The last two and a half months in America have felt like the opening montage in a dystopian film about a nation come undone. First the pandemic hit and hospitals in New York City were overwhelmed. The national economy froze and unemployment soared; one in four American workers has applied for unemployment benefits since March. Lines of cars stretched for miles at food banks. Heavily armed lockdown protesters demonstrated across the country; in Michigan, they forced the Capitol to close and legislators to cancel their session. Nationwide, at least 100,000 people died of a disease almost no one had heard of last year.
Then, this week, a Minneapolis police officer was filmed kneeling on the neck of a black man named George Floyd. As the life went out of him, Floyd pleaded that he couldn’t breathe, echoing the last words of Eric Garner, whose 2014 death at the hands of New York policemen helped catalyze the Black Lives Matter movement. Floyd’s death came only days after three Georgia men were arrested on charges of pursuing and killing a young black man, Ahmaud Arbery, whom they saw out running. A prosecutor had initially declined to charge the men on the grounds that their actions were legal under the state’s self-defense laws.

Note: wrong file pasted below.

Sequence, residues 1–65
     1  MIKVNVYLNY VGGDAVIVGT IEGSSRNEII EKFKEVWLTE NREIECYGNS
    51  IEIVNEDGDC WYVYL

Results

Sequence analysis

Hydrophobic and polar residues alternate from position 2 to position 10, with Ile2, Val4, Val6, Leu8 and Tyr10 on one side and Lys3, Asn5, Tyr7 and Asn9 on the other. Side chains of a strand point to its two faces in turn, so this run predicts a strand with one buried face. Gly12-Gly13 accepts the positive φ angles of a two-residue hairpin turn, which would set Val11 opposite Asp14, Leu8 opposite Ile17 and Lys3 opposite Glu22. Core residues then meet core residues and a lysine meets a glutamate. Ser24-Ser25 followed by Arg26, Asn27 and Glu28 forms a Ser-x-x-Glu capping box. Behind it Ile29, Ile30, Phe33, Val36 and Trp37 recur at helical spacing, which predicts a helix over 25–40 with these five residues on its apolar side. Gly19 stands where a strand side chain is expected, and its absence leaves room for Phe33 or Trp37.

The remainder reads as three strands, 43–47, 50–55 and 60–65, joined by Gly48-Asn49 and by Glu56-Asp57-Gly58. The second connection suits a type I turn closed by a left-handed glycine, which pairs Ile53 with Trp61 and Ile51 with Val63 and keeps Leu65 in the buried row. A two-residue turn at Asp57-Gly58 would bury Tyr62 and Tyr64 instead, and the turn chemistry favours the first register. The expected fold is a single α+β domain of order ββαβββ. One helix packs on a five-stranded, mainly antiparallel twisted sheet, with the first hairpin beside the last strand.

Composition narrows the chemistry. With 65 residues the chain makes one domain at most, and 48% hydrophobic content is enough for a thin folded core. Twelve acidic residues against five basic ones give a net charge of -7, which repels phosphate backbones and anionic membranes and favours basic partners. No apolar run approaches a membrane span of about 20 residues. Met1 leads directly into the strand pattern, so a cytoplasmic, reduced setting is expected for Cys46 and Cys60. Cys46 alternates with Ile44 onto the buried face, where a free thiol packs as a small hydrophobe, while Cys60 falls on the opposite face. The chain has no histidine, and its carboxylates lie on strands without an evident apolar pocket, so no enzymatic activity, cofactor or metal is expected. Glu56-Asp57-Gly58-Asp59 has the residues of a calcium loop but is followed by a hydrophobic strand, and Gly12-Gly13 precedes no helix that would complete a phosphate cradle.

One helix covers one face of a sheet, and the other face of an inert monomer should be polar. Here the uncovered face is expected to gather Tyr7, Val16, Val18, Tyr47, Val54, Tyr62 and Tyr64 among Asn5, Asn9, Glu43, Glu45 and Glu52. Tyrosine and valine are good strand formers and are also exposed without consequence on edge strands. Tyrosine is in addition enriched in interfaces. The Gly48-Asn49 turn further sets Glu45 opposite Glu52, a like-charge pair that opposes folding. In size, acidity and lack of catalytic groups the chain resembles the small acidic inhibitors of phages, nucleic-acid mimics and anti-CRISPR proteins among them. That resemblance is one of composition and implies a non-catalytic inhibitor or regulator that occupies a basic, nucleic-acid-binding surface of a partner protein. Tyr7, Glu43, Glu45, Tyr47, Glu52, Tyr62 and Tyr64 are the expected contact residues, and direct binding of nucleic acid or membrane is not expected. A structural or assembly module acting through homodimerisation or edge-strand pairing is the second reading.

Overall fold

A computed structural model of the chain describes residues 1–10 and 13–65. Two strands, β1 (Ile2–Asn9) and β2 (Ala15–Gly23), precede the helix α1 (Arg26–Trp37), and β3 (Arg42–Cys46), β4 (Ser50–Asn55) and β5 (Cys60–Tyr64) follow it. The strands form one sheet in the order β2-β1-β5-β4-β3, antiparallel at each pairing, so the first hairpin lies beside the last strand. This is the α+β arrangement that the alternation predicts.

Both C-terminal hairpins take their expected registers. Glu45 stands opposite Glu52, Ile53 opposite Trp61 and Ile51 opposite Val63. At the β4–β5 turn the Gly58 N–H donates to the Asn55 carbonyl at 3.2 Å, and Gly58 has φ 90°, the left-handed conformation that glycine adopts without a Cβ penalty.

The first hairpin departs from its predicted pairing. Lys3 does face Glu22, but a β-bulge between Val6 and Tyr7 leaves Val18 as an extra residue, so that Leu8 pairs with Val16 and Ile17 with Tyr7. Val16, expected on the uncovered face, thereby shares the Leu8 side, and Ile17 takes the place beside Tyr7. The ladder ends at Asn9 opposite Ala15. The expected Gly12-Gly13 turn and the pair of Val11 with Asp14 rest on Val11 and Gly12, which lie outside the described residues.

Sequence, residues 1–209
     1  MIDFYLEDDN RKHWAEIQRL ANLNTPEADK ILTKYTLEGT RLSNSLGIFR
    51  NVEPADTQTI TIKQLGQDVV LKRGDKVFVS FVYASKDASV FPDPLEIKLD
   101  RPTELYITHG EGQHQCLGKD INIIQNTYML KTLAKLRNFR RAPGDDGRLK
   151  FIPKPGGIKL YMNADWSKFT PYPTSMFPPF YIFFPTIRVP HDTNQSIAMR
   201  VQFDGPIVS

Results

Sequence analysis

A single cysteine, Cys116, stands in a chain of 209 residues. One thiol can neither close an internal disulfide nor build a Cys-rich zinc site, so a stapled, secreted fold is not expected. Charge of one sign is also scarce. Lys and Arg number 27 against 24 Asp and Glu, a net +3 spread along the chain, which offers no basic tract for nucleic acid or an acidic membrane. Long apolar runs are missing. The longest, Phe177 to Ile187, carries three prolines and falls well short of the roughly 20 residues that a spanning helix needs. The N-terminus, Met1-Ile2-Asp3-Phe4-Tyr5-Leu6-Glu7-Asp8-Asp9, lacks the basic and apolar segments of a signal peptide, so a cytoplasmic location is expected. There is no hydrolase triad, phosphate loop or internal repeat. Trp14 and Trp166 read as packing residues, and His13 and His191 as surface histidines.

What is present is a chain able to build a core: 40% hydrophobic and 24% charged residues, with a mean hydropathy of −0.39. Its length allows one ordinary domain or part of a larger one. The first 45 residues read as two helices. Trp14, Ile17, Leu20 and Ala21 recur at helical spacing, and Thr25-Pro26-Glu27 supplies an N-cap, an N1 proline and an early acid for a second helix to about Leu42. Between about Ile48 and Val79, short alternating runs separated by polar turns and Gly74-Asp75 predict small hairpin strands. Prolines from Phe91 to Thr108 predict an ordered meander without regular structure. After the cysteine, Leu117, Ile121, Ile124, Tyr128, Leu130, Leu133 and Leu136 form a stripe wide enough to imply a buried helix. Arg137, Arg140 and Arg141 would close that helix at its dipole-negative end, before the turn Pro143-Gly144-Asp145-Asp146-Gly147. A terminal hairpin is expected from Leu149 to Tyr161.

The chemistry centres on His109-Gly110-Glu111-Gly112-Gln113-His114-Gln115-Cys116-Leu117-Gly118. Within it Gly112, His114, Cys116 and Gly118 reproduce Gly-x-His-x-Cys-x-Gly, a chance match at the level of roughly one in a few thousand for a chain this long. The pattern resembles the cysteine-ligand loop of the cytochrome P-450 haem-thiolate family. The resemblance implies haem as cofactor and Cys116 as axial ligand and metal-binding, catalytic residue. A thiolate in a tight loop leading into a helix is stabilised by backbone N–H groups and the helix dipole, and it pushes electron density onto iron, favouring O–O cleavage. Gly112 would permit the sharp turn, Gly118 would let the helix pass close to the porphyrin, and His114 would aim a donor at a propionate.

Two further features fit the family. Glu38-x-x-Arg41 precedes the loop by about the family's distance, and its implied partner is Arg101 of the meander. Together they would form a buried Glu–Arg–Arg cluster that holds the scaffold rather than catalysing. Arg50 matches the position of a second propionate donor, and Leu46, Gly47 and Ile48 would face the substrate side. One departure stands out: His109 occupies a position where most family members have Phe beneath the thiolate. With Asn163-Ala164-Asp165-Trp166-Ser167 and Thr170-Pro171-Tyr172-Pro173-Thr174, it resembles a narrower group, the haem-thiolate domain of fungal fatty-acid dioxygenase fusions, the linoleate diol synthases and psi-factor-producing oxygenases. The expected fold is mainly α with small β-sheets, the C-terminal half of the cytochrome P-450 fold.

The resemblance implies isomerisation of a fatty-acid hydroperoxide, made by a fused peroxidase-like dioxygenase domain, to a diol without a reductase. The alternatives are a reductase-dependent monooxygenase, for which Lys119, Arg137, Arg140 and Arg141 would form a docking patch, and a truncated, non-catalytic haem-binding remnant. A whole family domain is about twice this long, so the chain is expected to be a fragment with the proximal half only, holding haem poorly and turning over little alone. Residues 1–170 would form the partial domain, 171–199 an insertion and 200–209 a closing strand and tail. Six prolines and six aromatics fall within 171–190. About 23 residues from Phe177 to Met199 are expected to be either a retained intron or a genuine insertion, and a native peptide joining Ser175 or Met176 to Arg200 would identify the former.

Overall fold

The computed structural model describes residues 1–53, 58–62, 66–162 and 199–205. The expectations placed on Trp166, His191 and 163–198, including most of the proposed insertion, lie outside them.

In Minneapolis protesters poured into the streets, where they met a far harsher police response than anything faced by the country’s gun-toting anti-lockdown activists. On Wednesday night, peaceful demonstrations turned into riots, and on Thursday Minnesota’s governor called in the National Guard.
For a moment, it seemed as if the blithe brutality of Floyd’s death might check the worst impulses of the president and his Blue Lives Matter supporters. The authorities were forced to act: All four of the policemen involved were fired, police chiefs across the country condemned them and William Barr’s Justice Department promised a federal investigation that would be a “top priority.” Even Donald Trump, who has encouraged police brutality in the past, described what happened to Floyd as a “very, very bad thing.”
But on Thursday night, after a county prosecutor said his office was still determining if the four policemen had committed a crime, the uprising in Minneapolis was reignited, and furious people burned a police precinct. (One of the officers was arrested and charged with third-degree murder on Friday.) On Twitter, an addled Trump threatened military violence against those he called “THUGS,” writing, “When the looting starts, the shooting starts.”
Whether Trump knew it or not, he was quoting a racist phrase from the 1960s used by George Wallace, among others. The president later tried to tamp down outrage by saying he was just warning of danger — the Trump campaign has hoped, after all, to peel off some black voters from the Democrats — but his meaning was obvious enough. This is the same president who on Thursday tweeted out a video of a supporter saying, “The only good Democrat is a dead Democrat.”